Remember freshmen were not eligible until 1973, so this list accounts for the last 50 years of college football. What these players did in the NFL have nothing to do with why they are on this list.
Kuechly, a Cincinnati native, was an anonymous recruit who chose BC over offers from Illinois and Duke. He quickly became one of the best defenders in the country, with 158 tackles and 13 TFLs. He then got even better. He averaged 187 tackles in his next two seasons and was named the NFL’s Defensive Players of the Year.
Offensive lineman Bill Fralic took over for an All-American as a freshman and became a two-time unanimous All-American himself at Pitt.
Pitt was home to as many future and elite pro talent in the United States as any other College between the 1970s and 1980s. Fralic was still a standout and replaced All-American Mark May with virtually no drop-off. By the end of college, he was a two-time unanimous All-American and had his No. After he graduated from Pitt, he was a four-time Pro Bowler and a member of the NFL’s all-1980s roster.
Even though quarterback Jason White was a great player in 2003, Oklahoma was sometimes held back by a weak run game. In 2004, that was not an issue. Peterson was not only a freshman but also carried a heavy load. He rushed 339 times for 1,925 yards with 15 touchdowns and helped the Sooners to 12-1 and the third Big 12 title in five seasons.
During the 1972 season, freshmen didn’t have many opportunities to stand out. Dorsett was the next to arrive. In Johnny Majors’ first season, the pride of Aliquippa (Pennsylvania) exploded for 1,686 yards with 13 touchdowns. In 1976, Dorsett had rushed for over 2,000 yards and carried Pitt to the national championship. In college, he ran for 6,526 yards. Then he went on to run for 12,739 yards in professional football. He was an all-time high performer, which began when he stepped foot on campus.
The 250-pound Philadelphia native, who was billed as a Jerome Bettis clone and one of the greatest high school discus throwers ever, stayed with his Wisconsin commitment despite an Ohio State push late in the game. He immediately started producing astonishing stats. As a freshman, he ran for 2,109 yards with 21 touchdowns. He finished his career with 7,125 yards, 71 scores, and two Rose Bowl wins. Absurd.
There were many hard-hitters in college football in 1996, including Pat Fitzgerald, Peter Boulware and Chris Canty. But Katzenmoyer was the most fearsome defender in the country right from his first snap. His freshman stats were what you would expect from a game-create-a-player. He had 85 tackles, 23 tackles to loss, 12 sacks and three forced fumbles. He elevated an already loaded defense to a whole new level.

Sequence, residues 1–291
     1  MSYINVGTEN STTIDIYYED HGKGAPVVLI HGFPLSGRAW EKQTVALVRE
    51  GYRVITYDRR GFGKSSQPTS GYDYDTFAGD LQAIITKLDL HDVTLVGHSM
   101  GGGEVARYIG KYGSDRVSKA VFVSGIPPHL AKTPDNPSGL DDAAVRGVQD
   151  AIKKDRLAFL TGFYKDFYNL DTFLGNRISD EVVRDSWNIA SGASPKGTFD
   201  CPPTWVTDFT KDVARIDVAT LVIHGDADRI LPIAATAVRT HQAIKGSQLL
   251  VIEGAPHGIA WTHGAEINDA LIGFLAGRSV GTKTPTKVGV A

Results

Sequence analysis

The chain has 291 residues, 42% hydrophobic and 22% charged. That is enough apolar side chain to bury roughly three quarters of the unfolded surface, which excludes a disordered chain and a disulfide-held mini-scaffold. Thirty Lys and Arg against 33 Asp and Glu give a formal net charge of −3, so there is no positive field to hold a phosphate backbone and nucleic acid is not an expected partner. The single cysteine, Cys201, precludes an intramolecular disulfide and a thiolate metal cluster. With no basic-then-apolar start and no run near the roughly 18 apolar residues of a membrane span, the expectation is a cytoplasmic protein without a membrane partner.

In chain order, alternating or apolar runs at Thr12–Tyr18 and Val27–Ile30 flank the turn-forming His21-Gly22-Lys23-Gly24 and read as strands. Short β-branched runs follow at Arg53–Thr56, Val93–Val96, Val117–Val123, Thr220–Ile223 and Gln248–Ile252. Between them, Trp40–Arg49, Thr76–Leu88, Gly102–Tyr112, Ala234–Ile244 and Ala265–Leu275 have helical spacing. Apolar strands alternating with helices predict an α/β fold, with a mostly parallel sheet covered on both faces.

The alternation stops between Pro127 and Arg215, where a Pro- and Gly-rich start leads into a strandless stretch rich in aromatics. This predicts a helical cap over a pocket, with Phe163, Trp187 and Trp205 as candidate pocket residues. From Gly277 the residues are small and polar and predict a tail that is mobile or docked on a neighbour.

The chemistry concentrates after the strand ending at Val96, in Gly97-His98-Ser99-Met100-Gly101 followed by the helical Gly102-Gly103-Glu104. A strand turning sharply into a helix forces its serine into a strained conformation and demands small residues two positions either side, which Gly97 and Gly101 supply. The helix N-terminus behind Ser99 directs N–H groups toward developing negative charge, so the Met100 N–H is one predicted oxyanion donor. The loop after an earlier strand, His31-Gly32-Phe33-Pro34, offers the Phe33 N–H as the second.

“My god, a freshman!
Sometimes legends are created by the passing of time that goes beyond what a player was actually capable of. Walker is an exception to this rule. Georgia was just 6-5 in 1979 and could have gone even further in 1980 had it not been for Walker’s impossibly strong freshman who ran for 1,616 yards and 15 touchdowns. He also saved a gear to help the Dawgs when they needed it. Despite a shoulder injury, Walker rushed for 150 yards and two touchdowns during the Sugar Bowl win over Notre Dame.
All Trevor Lawrence did his freshman year was throw for 3,280 yards and 30 touchdowns, leading Clemson to the national title. AP Photo/Gerald Herbert
Lawrence was one of the most highly regarded recruits in history. He lived up to all the hype. Lawrence threw for 3,280 yard, 30 touchdowns, and only four interceptions. But he kept improving. In his final four games, he completed 66% and threw 1,185 yards with nine touchdowns, no interceptions. The Tigers soared to a 15-0 record, their second consecutive national championship.
Let it go, Luke Fickell. “Here’s someone that’s 6’8 and 330 pounds, 50 pounds heavier than I am — and I’m not even close. “God is fair,” I have always believed. “God is fair.” I don’t believe it anymore. I’m working hard and can’t even run with this guy.
Perhaps the greatest offensive lineman in college football history was probably the one who started in Columbus in his first practice.
Jimbo Covert… Mark May… Russ Grimm… Rickey Jackson… Pitt was blessed to have some of the most talented college football players in this era. But Green stood out. He was a two-dimensional player. He was a speedy and elite linebacker, making 92 tackles in his freshman season and averaging more than 120 the rest of his career. He was also the most respected defensive end in the game, with 12 sacks and five forced fumbles as a freshman. Then he repeated that feat for the next three seasons, adding 19 hurries to his total (four-year average: 13.3 yards, 19 hurries). This was not the norm for linebackers, nor were defensive ends supposed to be so fast.
In his first year, Green was a second-team All-American. However, voters made amends and voted Green a consensus first-teamer in each of his three subsequent seasons.
If you enjoy hearing from the legends of pro sports, then be sure to tune into “The Grueling Truth” sports shows, “Where the legends speak”
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